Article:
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Ebony Dunkley: Black blood donors urgently needed to help treat sickle cell disease

NHS Blood and Transplant is calling for 40,000 new black blood donors to help save the lives of patients with sickle cell disease, the most common and fastest-growing genetic blood disease in the UK.
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NHS Blood and Transplant is calling for 40,000 new black blood donors to help save the lives of patients with sickle cell disease, the most common and fastest-growing genetic blood disease in the UK

Every year in the UK 200,000 new blood donors are needed to maintain life-saving blood supplies and ensure we have the right mix of blood groups to meet the needs of patients.

During National Blood Week in June, NHSBT launched the #Imtherecampaign , calling for 40,000 new black donors to give blood and help save the lives of patients with sickle cell disease across England.

Best treatment

The most common and fastest-growing genetic blood disorder in England and the UK as a whole, sickle cell disease can cause extreme pain, life-threatening infections, and complications such

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NHS Blood and Transplant is calling for 40,000 new black blood donors to help save the lives of patients with sickle cell disease, the most common and fastest-growing genetic blood disease in the UK

black
Picture: iStock

Every year in the UK 200,000 new blood donors are needed to maintain life-saving blood supplies and ensure we have the right mix of blood groups to meet the needs of patients. 

During National Blood Week in June, NHSBT launched the #Imtherecampaign, calling for 40,000 new black donors to give blood and help save the lives of patients with sickle cell disease across England. 

Best treatment

The most common and fastest-growing genetic blood disorder in England and the UK as a whole, sickle cell disease can cause extreme pain, life-threatening infections, and complications such as strokes and loss of vision.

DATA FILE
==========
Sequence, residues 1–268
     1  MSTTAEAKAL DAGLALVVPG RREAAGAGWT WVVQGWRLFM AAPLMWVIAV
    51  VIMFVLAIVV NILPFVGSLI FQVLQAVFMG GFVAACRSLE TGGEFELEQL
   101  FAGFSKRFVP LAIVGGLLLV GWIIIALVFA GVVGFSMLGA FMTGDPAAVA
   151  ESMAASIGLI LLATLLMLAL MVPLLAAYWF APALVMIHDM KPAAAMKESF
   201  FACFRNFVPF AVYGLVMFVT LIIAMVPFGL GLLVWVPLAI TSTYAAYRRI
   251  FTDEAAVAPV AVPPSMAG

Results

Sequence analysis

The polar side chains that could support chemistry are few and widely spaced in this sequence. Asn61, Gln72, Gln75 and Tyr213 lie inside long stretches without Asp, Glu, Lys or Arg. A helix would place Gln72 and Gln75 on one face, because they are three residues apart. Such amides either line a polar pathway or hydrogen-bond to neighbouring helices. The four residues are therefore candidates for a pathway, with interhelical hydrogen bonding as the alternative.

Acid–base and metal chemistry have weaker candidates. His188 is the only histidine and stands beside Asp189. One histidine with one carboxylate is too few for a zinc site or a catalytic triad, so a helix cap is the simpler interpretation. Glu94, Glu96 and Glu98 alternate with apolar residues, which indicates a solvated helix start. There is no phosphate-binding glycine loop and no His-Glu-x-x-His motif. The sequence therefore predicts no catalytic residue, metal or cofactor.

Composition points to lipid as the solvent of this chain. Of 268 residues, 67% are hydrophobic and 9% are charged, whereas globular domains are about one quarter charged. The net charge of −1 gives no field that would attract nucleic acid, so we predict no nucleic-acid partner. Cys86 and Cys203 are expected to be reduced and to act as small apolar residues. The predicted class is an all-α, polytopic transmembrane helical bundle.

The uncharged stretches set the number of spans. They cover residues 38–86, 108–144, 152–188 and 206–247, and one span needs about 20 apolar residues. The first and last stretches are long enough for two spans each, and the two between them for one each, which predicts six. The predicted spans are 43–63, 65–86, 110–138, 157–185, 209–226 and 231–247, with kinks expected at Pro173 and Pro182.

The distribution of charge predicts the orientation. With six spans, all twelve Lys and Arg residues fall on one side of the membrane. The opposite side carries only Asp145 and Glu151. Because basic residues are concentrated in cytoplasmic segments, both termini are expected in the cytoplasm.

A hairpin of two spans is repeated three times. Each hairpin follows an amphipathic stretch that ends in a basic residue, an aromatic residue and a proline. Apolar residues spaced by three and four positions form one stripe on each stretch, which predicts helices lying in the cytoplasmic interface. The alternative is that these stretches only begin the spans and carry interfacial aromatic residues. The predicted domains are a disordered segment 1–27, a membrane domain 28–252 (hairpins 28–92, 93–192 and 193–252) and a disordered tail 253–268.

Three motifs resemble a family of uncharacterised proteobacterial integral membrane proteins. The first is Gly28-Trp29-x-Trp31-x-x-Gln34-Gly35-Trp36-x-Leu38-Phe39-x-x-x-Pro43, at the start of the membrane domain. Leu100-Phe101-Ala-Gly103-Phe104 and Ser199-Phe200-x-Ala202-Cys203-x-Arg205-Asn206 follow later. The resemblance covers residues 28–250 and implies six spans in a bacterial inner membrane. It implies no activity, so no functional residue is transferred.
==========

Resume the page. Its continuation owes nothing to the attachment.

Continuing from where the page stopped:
Around 15,000 people have the disease in the UK, and more than 300 babies are born with the condition every year. To get the best treatment, these patients need blood that is closely matched to their own, yet just under 10,000 black people donated blood last year, about 1% of the donor base.

Many patients with sickle cell disease also need blood with a special subtype, RO, which is more common in black donors, with 50% of black donors having this blood type compared with just 2% of white donors.

Lack of understanding

The reluctance of black people to sign up to donate blood is something I am keen to play my part in addressing. Black blood donors are underrepresented for many reasons, including a lack of understanding about the donation process and the RO subtype. The medical language used to explain why we need more black donors can often be difficult to understand. 

Having received a blood transfusion following the birth of my daughter, I cannot donate blood. But what I can do is use my role to stress how essential it is to donate blood. 

By giving blood you can save someone’s life while going about yours. All nurses who are able to do so should lead by example by giving blood themselves, and encourage others to do the same.

Click here to learn more about giving blood and to register as a donor.


ebonyEbony Dunkley is a senior sister at NHS Blood and Transplant 

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